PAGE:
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15 pages, 1592 KiB  
Article
Effect of Soil Composition on Secondary Metabolites of Moroccan Saffron (Crocus sativus L.)
by Soukaina Chaouqi, Natalia Moratalla-López, Gonzalo L. Alonso, Cándida Lorenzo, Abdelmjid Zouahri, Nazha Asserar, El Mehdi Haidar and Taoufiq Guedira
Plants 2023, 12(4), 711; https://doi.org/10.3390/plants12040711 - 06 Feb 2023
Cited by 5 | Viewed by 1437
Abstract
Climate and soil are important factors that affect the quality of saffron. Saffron quality is determined by the marked content of secondary metabolites. The objective of this work was to study the effect of soil physicochemical properties on the secondary metabolites of saffron. [...] Read more.
Climate and soil are important factors that affect the quality of saffron. Saffron quality is determined by the marked content of secondary metabolites. The objective of this work was to study the effect of soil physicochemical properties on the secondary metabolites of saffron. Our study concerned the analysis of saffron samples by high-performance liquid chromatography-detection by diode array (HPLC-DAD). Soil samples were analyzed by physicochemical methods, ED-XRF fluorescence and X-ray diffraction to determine the different types of clays. Saffron samples grown in loam–clay–sand soils contained high values of crocins and kaempferol 3-sophoroside 7-glucoside but low values of safranal. In addition, saffron samples grown in soils rich in organic matter, phosphorus and potassium contained high values of crocins and kaempferol 3-sophoroside 7-glucoside but low values of safranal. This original approach was carried out for the first time in our study, both by ED-XRF fluorescence and by X-ray diffraction, to determine what elements affect the quality of saffron. Thus, we concluded that clays containing low amounts of iron could have a positive effect on the coloring strength of saffron. Full article
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21 pages, 6213 KiB  
Article
Phosphorous Supplementation Alleviates Drought-Induced Physio-Biochemical Damages in Calligonum mongolicum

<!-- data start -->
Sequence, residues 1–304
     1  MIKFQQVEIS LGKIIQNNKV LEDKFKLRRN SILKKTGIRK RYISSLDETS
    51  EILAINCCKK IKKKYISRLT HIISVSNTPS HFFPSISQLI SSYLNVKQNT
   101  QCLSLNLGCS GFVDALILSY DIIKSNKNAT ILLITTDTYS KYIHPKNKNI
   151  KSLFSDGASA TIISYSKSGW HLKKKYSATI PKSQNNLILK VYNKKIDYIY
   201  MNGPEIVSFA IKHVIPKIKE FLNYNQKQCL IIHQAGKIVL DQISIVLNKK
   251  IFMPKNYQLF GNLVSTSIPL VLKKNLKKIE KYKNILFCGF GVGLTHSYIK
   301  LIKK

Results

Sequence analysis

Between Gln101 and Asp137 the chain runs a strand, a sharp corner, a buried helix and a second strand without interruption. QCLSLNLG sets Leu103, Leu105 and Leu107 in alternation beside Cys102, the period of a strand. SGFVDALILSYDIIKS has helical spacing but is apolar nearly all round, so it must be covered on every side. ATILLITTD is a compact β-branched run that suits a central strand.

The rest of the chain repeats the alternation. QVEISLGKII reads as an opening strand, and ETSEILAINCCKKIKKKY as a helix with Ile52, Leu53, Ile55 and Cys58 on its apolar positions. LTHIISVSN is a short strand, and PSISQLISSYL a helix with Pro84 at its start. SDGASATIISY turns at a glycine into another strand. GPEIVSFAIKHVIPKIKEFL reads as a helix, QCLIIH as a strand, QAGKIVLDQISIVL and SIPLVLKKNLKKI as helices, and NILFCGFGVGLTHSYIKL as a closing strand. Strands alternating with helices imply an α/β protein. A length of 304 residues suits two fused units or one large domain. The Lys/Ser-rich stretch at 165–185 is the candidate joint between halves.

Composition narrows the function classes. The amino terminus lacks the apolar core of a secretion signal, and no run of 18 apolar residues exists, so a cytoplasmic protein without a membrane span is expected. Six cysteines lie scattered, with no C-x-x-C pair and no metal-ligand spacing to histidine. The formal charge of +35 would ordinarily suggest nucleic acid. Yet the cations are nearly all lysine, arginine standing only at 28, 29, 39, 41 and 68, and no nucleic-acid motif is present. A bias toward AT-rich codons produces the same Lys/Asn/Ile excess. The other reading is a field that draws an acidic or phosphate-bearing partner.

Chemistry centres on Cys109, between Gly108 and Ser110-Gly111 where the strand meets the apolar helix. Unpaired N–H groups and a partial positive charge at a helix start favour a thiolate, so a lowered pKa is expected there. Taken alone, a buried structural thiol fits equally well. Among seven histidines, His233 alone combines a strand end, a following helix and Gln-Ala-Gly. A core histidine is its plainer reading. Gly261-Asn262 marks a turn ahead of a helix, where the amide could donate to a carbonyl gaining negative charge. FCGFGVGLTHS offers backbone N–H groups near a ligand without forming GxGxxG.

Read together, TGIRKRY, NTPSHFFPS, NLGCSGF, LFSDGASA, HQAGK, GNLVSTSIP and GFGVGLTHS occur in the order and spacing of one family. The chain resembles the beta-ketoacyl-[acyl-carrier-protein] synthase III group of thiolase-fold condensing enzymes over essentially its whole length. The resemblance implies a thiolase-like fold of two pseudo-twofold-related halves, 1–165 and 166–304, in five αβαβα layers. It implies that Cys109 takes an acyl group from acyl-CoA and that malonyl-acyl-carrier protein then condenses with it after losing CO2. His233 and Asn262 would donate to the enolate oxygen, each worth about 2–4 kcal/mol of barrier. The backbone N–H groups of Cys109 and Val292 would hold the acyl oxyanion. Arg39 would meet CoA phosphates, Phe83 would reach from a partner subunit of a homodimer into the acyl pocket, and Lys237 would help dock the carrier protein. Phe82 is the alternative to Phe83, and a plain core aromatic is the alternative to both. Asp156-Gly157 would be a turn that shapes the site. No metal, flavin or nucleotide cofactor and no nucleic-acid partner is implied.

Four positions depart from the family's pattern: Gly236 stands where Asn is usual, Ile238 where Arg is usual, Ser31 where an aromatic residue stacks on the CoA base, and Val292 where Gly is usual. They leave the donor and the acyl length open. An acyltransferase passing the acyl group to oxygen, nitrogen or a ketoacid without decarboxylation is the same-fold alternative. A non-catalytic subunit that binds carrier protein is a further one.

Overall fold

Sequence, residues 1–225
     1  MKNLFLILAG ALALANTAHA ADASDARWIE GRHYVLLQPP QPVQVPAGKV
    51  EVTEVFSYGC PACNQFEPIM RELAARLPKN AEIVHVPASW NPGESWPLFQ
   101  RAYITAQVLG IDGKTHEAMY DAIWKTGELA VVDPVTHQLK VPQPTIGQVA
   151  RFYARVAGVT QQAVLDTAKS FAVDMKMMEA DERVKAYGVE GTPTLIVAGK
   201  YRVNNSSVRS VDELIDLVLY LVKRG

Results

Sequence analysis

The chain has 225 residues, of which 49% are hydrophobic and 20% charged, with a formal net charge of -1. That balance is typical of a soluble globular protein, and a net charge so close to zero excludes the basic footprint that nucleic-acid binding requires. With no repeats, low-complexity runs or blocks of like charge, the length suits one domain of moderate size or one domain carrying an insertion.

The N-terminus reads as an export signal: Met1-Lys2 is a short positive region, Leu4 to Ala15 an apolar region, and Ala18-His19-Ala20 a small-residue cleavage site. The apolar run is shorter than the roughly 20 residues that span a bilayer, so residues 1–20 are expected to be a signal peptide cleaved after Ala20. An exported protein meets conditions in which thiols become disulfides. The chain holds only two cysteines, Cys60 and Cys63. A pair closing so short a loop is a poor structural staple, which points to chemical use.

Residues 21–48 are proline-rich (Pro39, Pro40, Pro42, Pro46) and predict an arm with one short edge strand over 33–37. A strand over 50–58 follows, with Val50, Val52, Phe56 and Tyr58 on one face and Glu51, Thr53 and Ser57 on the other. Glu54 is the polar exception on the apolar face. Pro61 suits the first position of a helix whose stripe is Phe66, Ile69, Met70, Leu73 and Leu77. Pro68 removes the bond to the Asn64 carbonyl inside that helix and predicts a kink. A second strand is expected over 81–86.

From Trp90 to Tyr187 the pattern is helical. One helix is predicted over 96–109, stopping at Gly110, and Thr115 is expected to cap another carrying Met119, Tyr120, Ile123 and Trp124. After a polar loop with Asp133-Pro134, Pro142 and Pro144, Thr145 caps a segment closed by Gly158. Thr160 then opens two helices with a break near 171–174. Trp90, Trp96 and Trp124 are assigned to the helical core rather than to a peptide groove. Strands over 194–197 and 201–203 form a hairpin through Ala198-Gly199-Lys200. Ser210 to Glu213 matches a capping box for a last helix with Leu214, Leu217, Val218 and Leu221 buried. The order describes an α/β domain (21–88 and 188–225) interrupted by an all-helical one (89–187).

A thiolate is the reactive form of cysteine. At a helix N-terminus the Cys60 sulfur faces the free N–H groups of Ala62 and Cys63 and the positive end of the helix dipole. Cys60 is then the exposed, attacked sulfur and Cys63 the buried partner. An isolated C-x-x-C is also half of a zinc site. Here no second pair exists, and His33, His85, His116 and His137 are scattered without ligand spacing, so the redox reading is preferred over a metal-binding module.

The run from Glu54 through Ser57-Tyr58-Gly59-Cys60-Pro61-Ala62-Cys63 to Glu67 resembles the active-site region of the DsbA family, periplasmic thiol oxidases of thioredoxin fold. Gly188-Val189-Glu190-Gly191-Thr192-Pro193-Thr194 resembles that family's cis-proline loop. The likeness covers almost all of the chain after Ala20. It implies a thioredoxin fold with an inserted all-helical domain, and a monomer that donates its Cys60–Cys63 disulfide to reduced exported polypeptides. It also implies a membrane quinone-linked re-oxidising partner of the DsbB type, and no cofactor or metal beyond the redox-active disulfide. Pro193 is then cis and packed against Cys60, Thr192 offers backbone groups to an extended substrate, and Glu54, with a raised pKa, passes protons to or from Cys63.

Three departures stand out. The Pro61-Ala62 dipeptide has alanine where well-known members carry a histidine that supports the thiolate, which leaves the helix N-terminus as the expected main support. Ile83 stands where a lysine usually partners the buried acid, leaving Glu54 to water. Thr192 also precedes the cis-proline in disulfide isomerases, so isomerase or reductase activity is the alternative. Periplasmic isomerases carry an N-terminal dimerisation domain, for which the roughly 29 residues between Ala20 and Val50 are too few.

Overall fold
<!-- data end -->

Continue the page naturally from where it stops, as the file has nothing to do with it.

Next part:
by Abd Ullah, Akash Tariq, Fanjiang Zeng, Jordi Sardans, Corina Graciano, Sami Ullah, Xutian Chai, Zhihao Zhang, Maierdang Keyimu, Muhammad Ahsan Asghar, Hafiz Hassan Javed and Josep Peñuelas
Plants 2022, 11(22), 3054; https://doi.org/10.3390/plants11223054 - 11 Nov 2022
Cited by 5 | Viewed by 1103
Abstract
Calligonum mongolicum is a phreatophyte playing an important role in sand dune fixation, but little is known about its responses to drought and P fertilization. In the present study, we performed a pot experiment to investigate the effects of P fertilization under drought [...] Read more.
Calligonum mongolicum is a phreatophyte playing an important role in sand dune fixation, but little is known about its responses to drought and P fertilization. In the present study, we performed a pot experiment to investigate the effects of P fertilization under drought or well-watered conditions on multiple morpho-physio-biochemical attributes of C. mongolicum seedlings. Drought stress leads to a higher production of hydrogen peroxide (H2O2) and malondialdehyde (MDA), leading to impaired growth and metabolism. However, C. mongolicum exhibited effective drought tolerance strategies, including a higher accumulation of soluble sugars, starch, soluble protein, proline, and significantly higheractivities of peroxidase (POD) and catalase (CAT) enzymes. P fertilization increased the productivity of drought-stressed seedlings by increasing their growth, assimilative shoots relative water content, photosynthetic pigments, osmolytes accumulation, mineral nutrition, N assimilation, and reduced lipid peroxidation. Our findings suggest the presence of soil high P depletion and C. mongolicum high P requirements during the initial growth stage. Thus, P can be utilized as a fertilizer to enhance the growth and productivity of Calligonum vegetation and to reduce the fragility of the hyper-arid desert of Taklamakan in the context of future climate change. Full article
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21 pages, 4701 KiB